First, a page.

Mission Forest Products to build state-of-the art sawmill at Corinth, Mississippi

Mill to Employ Nearly 130 people– Produce 250 mmbf of Lumber Annually

Mission Forest Products, a newly formed company, announced today that it is building a state-of-the-art sawmill at Corinth, Mississippi.

The estimated $160 million project, which will have an annual output capacity of 250 million board feet of lumber, will employ nearly 130 people, and is estimated to begin production in 2022.

“Our objective is for this mill to become one of the lowest-cost and most reliable suppliers of high-quality dimensional lumber products in North America,” said Chris Mathis, Managing Director of Corporate Development for Mission Forest Projects.

“Agriculture is Mississippi’s top economic driver, and our abundance of forestland—nearly 20 million acres statewide—provides tremendous opportunities for economic growth and job creation in this vital sector,” said Governor Tate Reeves. “I am honored to welcome Mission Forest Products to our state and look forward to the economic ripple effect the opening of this state-of-the-art sawmill will have on the 130 workers and their families, the local economy of Alcorn County, and all of Mississippi.”

“We greatly appreciate the support we have received for this project from Governor Reeves and the Mississippi Development Authority; The Alliance of Corinth, including President Clayton Stanley; the Alcorn County Board of Supervisors; the City of Corinth and the Tennessee Valley Authority,” said Mathis of Mission Forest Products. “We look forward to building a strong, mutually beneficial relationships with them and with the people of Corinth and Alcorn County.”

Mathis went on to say that the company intends to capitalize on the abundance of high-quality timber in the area; Corinth’s proximity to the U.S. South’s growing housing market; and, the low-cost, high-efficiency nature of the mill’s design.  He said the facility anticipates purchasing its timber from local suppliers and timberland owners.  It will sell most of the lumber it produces regionally, but also will access more distant markets with shipments by rail.  In addition, it will sell production residuals, including wood chips, to pulp and paper facilities in the region. 

Veteran sawmill project developer, Joseph Rodgers, will oversee the construction and start-up effort. Rodgers has more than 30 years of experience with sawmill construction and management having previously held senior-level positions with Interfor and Temple-Inland. Prior to joining Mission Forest Products, he worked as an independent consultant on other high-capacity sawmill projects elsewhere in the U.S. South.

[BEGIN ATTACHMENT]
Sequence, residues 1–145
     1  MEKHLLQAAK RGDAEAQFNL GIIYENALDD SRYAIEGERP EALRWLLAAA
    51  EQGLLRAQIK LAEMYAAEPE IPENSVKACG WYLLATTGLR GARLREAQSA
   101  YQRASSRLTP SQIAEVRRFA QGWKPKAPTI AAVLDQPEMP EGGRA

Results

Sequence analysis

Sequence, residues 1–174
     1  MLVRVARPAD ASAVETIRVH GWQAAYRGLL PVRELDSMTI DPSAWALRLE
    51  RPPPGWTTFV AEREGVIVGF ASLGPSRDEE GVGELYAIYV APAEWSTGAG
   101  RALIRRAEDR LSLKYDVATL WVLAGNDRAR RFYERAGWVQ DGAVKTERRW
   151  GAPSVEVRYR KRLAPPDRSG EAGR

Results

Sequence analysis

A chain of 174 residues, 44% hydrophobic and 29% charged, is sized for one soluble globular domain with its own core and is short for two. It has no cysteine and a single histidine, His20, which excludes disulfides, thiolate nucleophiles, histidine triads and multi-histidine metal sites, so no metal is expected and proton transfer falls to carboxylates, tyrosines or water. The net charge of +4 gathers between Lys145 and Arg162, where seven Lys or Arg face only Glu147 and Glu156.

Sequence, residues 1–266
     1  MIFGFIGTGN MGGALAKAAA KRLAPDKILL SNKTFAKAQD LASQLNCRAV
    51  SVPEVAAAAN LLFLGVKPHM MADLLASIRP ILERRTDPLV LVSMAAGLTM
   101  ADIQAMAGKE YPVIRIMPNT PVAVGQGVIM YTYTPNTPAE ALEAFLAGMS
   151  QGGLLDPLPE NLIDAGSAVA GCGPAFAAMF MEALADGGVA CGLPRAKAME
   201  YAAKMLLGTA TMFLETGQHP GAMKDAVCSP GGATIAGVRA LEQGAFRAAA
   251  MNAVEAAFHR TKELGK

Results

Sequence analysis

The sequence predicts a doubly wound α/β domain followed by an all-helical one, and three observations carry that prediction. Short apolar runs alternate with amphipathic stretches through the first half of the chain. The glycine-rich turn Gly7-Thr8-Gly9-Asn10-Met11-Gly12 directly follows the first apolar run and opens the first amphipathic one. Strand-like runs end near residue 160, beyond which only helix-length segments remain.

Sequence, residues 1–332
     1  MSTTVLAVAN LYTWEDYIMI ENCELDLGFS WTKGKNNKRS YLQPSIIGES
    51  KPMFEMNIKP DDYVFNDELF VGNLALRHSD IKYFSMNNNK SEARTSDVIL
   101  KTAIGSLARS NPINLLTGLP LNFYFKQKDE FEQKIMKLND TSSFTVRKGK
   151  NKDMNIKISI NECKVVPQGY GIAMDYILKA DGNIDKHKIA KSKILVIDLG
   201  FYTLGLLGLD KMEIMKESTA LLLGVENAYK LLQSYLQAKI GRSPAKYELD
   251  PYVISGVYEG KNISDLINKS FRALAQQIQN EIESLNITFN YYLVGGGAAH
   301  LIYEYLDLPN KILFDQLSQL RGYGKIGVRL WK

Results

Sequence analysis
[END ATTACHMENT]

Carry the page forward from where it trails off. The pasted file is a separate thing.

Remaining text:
According to Chris Mathis, Mission Forest Products targeted Corinth for the mill project because the city is often described as the intersection of the upper South due to the rail and road access it offers to growing population centers like Memphis, Nashville, Birmingham, Huntsville and the U.S. Midwest—all areas where lumber demand is high and is projected to increase. In addition, he said the area surrounding Corinth, which sits where the state lines of Tennessee, Alabama and Mississippi intersect (the “TAM” area), is also a prime timber-growing region. However, he said the area is currently under-served with saw-milling capacity given the plentiful inventory of high-quality timber growing in its vast forestlands, which are owned by families, private individuals, and institutional investors. Finally, Mathis said his firm also was attracted to the Corinth area because of its skilled forest products workforce—one that includes both field forestry professionals, like loggers, truckers and silvicultural contractors, as well as highly experienced mill workers.

Construction on the new mill is expected to begin in 2021. The facility will employ state-of-the art log scanning and optimization technology to ensure that each log that passes through its production line is milled to its fullest potential from both a wood utilization and financial standpoint. This will not only ensure that the facility is operating at the lowest possible cost, but that it is also making good and sustainable use of the timber resources it processes.

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